Assigning Vector icons

In this step, we assign vector icons to our button, which is wrapped by our TouchableHighlight component.

We follow the design implementations and add a vector icon to a button using the following command:

Using NPM:

npm install react-native-vector-icons

Using yarn:

yarn add react-native-vector-icons

We can follow the instructions here to install this icons package. Then, we need to make sure that we re-run react-native run-ios again. Next, we add the icons to our buttons using the following code:

Here, we can see that we get an error in our emulator:

To solve this error, we add view tags wrapping our button and icon, as shown below:

Now we can see that our code works properly, and we get the following result in our emulator screenshot:

Our next step is to make the icon dynamic by using the prop again. We can implement this by using the code in the following snippet:

Then, we need to move all of our react-native-vector-icons code to the LoggedOut.js component, as shown in the code snippet below:

Next, we need to adjust the icon wrapper style:

And add some CSS styles:

Then, we do the same for the Facebook button — we add the Facebook icon and then some CSS styles to it, as shown below:

And to edit the CSS style:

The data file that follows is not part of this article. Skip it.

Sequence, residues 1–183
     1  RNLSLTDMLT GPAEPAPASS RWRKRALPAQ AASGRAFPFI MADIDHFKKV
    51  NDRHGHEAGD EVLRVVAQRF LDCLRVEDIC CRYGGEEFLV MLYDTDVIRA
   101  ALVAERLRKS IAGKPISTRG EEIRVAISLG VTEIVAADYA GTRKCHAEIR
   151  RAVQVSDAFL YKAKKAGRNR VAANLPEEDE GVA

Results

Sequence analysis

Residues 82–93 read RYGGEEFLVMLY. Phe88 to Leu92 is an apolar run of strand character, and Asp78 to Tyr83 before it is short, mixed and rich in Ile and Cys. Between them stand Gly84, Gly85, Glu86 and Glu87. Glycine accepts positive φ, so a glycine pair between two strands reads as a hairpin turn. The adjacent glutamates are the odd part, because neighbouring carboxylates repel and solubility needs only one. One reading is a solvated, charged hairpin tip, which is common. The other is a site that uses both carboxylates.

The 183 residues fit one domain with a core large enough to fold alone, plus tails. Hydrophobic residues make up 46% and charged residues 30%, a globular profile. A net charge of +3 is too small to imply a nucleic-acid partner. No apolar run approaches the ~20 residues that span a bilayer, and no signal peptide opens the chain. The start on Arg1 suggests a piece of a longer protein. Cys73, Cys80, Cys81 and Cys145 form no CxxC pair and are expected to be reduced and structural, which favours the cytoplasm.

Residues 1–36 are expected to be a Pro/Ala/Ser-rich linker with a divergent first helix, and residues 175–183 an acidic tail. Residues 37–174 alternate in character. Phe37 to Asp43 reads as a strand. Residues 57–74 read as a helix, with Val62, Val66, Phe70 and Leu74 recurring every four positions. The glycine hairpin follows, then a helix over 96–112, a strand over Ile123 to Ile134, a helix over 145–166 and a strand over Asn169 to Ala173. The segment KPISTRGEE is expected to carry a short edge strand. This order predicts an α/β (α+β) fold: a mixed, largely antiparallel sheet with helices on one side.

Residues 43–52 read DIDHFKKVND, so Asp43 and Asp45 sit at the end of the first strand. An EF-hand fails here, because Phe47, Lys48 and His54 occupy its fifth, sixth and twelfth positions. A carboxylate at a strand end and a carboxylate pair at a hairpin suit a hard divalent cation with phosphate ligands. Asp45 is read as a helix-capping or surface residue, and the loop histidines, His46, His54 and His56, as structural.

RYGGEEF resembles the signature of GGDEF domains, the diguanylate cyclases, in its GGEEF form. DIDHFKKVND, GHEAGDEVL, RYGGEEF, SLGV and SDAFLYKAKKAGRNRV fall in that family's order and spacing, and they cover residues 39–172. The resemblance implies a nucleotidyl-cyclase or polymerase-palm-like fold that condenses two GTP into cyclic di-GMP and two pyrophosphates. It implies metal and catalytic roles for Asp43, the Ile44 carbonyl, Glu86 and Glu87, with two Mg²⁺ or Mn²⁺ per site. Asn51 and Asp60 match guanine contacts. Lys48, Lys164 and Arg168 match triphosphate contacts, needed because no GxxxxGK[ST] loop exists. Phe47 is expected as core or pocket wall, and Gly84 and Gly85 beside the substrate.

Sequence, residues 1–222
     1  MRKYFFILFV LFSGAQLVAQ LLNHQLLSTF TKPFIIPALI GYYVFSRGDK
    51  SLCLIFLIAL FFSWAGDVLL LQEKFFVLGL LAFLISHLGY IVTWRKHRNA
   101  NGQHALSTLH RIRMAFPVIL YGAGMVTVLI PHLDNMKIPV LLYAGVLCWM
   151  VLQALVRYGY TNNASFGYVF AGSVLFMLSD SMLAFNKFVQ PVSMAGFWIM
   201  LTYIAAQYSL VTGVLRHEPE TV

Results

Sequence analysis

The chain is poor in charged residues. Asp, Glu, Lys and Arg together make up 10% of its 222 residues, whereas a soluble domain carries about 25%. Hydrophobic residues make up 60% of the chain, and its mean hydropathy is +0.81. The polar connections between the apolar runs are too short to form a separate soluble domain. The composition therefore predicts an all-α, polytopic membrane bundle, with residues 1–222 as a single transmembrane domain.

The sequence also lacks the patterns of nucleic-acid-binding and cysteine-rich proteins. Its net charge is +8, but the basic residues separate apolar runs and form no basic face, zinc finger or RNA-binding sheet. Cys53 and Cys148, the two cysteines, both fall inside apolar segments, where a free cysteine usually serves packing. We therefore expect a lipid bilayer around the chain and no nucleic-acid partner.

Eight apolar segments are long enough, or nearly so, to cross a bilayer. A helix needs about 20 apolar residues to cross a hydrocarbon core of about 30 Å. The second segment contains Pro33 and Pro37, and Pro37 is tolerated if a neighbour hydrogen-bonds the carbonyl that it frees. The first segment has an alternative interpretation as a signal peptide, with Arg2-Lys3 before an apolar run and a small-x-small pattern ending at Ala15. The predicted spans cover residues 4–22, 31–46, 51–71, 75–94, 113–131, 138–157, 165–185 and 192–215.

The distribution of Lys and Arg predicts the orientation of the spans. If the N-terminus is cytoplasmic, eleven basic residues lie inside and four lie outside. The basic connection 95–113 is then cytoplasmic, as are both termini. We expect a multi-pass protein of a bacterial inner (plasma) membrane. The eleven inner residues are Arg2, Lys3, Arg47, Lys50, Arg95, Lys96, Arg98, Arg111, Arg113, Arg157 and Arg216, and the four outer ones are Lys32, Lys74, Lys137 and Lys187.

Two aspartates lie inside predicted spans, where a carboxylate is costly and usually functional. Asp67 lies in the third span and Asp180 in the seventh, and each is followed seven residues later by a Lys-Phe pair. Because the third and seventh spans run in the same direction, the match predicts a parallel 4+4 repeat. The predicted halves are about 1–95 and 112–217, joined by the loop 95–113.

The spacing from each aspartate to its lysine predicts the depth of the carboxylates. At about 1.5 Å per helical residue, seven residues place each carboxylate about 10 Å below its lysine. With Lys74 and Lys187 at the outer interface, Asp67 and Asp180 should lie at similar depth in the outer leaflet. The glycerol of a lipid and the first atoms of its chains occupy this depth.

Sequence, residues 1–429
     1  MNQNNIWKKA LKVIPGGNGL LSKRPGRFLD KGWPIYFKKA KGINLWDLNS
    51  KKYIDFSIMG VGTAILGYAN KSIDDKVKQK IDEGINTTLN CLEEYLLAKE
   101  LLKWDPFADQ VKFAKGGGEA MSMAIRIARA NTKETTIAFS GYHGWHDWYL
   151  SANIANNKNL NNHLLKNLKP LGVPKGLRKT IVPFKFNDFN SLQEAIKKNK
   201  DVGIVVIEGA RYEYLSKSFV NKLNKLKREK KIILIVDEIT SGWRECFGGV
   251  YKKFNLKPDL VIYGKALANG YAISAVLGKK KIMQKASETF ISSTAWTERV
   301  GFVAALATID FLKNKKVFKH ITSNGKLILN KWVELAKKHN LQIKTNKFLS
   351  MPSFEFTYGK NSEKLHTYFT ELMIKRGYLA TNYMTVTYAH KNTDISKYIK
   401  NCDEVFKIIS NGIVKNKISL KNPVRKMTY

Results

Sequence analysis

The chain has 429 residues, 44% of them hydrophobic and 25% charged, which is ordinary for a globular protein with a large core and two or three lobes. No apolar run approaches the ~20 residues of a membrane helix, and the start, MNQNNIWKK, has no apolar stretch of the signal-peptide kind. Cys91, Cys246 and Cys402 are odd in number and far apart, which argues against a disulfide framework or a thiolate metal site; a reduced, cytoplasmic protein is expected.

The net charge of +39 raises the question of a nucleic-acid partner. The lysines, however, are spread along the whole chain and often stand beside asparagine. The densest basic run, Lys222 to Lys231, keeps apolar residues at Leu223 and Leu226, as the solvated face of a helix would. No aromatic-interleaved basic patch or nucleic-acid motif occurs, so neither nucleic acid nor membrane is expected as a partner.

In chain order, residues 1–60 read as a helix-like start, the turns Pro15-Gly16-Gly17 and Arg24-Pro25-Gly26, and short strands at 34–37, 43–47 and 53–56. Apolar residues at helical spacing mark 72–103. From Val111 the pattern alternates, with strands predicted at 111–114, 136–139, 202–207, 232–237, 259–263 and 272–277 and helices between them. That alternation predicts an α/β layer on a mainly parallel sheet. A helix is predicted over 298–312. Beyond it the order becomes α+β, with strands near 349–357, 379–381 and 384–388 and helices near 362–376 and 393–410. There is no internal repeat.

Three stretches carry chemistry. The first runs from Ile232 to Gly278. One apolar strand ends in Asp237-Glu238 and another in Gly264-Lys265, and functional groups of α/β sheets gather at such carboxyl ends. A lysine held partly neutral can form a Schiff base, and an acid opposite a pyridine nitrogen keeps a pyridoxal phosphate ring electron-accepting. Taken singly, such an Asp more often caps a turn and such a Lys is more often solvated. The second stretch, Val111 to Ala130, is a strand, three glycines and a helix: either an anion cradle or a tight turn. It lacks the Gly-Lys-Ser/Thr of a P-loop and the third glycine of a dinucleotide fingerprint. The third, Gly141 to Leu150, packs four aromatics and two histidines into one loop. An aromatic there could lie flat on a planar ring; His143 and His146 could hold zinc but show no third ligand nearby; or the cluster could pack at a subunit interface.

Now we can see the result of adding a Facebook icon to our button in the emulator screenshot below:

Creating an Account Button

In this step, we create an account button, much the same as we did with the Facebook button, using the RoundedButton component, as shown in the code snippet below:

\<RoundedButton text="Create Account" textColor={colors.white} /\>

The result of adding the “Create Account” button will look as follows:

Similarly, we need to add some CSS styles to this button as well. So we need to come back to Roundedbutton.js and add CSS style to a wrapper:

After reloading the emulator, we can see the following result:

Adding More Option Text

Lastly, we follow the design implementation of our home screen UI and add some more options using the Text component:

Here, we have a lot of Buttons that will link to multiple pages which we will add to the view screen later on.

Then, we need to add some CSS styles following design to those options to make it look cool clean using the following snippet:

We’ve successfully completed our implementation of the Airbnb clone home screen UI. The final result can be seen in the emulator screenshot below:

Recap

In this tutorial, we learned about how to bootstrap React Native UI with many components. We also learned how to set up and use vector icons to make our buttons look sleek. We also got an idea of “props ”in order to make dynamic components. Next, we implement a login screen that takes a lot of styling technique that you should follow in order to complete our Airbnb clone.

Resources

AirBnB Clone using React Native from Cubui

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kris

@kris

React native developer and Technical writer Americano addicted